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I want to monitor how much water we're pumping out of our shallow well every day (residential). We want to figure out how many gallons per day we're using. Doesn't have to be crazy accurate.

First thought was hooking up some kind of inline flow meter to a computer.

Then I thought, hey, since the pump always outputs the same amount of water when it's running, wouldn't monitoring the amount of time the pump is running be fairly accurate as well without needing an inline flow meter?

I'm thinking a relay or something similar that's triggered when the pump turns on. What would be a simple way to hook this up to a computer? A usb trigger thingy? (don't know if exists) Or an arduino?

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  • $\begingroup$ Should be the same if the pump is truly outputting the same amount of water per amount of time $\endgroup$ – Seth Kitchen Nov 4 '15 at 20:41
  • $\begingroup$ Is it supplying the house with water or pumping to an open ended pipe (into a ditch or something)? $\endgroup$ – morristtu Nov 4 '15 at 21:30
  • $\begingroup$ supplying the house with water. $\endgroup$ – cannotcompute Nov 4 '15 at 23:43
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    $\begingroup$ @cannotcompute The only way it would always be the same flow was it it were refilling a tank or something like a water tower. If it's piped directly to the house as the supply, the flow really depends on the system and pressure drops through the house piping. Does it have a pressure gauge on the discharge of the pump? $\endgroup$ – morristtu Nov 5 '15 at 1:55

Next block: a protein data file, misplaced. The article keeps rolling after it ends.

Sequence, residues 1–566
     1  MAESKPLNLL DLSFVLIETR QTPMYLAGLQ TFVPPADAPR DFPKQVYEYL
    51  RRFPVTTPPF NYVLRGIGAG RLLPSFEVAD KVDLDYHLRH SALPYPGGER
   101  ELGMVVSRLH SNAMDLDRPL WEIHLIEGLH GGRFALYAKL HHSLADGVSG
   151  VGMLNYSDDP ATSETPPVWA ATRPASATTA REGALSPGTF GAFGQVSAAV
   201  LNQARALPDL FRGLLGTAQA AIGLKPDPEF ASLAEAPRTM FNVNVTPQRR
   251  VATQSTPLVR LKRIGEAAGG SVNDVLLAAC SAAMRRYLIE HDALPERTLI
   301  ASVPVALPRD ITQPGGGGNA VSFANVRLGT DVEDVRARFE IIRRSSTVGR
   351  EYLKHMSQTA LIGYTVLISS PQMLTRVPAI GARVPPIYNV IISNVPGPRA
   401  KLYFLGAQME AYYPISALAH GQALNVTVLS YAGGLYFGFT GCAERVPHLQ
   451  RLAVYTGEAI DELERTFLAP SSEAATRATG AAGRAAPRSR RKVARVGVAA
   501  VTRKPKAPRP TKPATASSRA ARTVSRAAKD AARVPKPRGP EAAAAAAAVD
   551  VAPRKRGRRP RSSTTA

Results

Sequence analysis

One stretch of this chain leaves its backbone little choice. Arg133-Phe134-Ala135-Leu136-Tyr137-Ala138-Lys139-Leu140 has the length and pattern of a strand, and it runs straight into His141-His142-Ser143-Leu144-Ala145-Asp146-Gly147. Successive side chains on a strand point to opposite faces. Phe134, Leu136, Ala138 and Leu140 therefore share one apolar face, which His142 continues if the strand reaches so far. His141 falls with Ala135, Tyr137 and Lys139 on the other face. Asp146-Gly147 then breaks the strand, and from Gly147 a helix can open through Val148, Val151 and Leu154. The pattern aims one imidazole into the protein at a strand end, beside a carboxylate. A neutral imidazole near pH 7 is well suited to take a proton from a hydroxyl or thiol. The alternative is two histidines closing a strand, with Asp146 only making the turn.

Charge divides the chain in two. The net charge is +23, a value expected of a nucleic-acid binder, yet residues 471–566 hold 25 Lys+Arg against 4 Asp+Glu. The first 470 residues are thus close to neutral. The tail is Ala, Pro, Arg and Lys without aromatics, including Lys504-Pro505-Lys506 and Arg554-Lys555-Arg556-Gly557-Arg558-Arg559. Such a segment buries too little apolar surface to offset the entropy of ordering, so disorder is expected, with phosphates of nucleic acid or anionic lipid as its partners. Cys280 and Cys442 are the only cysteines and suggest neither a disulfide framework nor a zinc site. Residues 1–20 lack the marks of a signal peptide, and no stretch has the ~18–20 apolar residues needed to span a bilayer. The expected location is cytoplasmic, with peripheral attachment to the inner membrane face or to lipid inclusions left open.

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Typically a well pump fills a pressure tank. By knowing the max and min fill levels of the pressure tank and how often it cycles, you would roughly know consumption. The measurement would be off by the amount used when the pump was running, but it would get you close.

To measure the difference between min and max fill, turn off all water use in the house except for a bath tub faucet or a place you can fill a five gallon bucket. Turn on the water until the pump starts then turn the water off. Wait until the pump is finished then begin filling and emptying a 5 gallon bucket until the pump starts again. Counting the number of buckets gives you the volume difference.

You could also try to determine the flow rate of your pump, but since the flow rate is pressure dependent, it may give you a less accurate answer unless you put a pressure transducer in the line and calibrated.

There are a variety of ways you could count the pump start up/ durration. It really depends on your skill set as to which one is easier. An arduino, raspberry pi, or PC with a daq or other inputs would all work well. A relay to the pressure switch would work, but a little dangerous and unnecessary. A split core current sensor is a nice solution that can also tell you when there are issues with your pump. You could also do it simply with a well placed microphone. You could use a python library on the PC with standard audio input or a pre-made board for arduino or rpi.

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